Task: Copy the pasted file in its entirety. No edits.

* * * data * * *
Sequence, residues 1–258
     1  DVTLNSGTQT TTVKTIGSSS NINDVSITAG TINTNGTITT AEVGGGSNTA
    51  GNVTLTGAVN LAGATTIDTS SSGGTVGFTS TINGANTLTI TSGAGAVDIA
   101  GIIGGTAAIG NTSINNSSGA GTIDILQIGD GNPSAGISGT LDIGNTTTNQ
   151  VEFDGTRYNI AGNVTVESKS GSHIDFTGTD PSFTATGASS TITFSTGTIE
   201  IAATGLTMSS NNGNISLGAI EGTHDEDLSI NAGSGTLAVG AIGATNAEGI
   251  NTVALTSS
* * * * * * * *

Sequence, residues 1–258
     1  DVTLNSGTQT TTVKTIGSSS NINDVSITAG TINTNGTITT AEVGGGSNTA
    51  GNVTLTGAVN LAGATTIDTS SSGGTVGFTS TINGANTLTI TSGAGAVDIA
   101  GIIGGTAAIG NTSINNSSGA GTIDILQIGD GNPSAGISGT LDIGNTTTNQ
   151  VEFDGTRYNI AGNVTVESKS GSHIDFTGTD PSFTATGASS TITFSTGTIE
   201  IAATGLTMSS NNGNISLGAI EGTHDEDLSI NAGSGTLAVG AIGATNAEGI
   251  NTVALTSS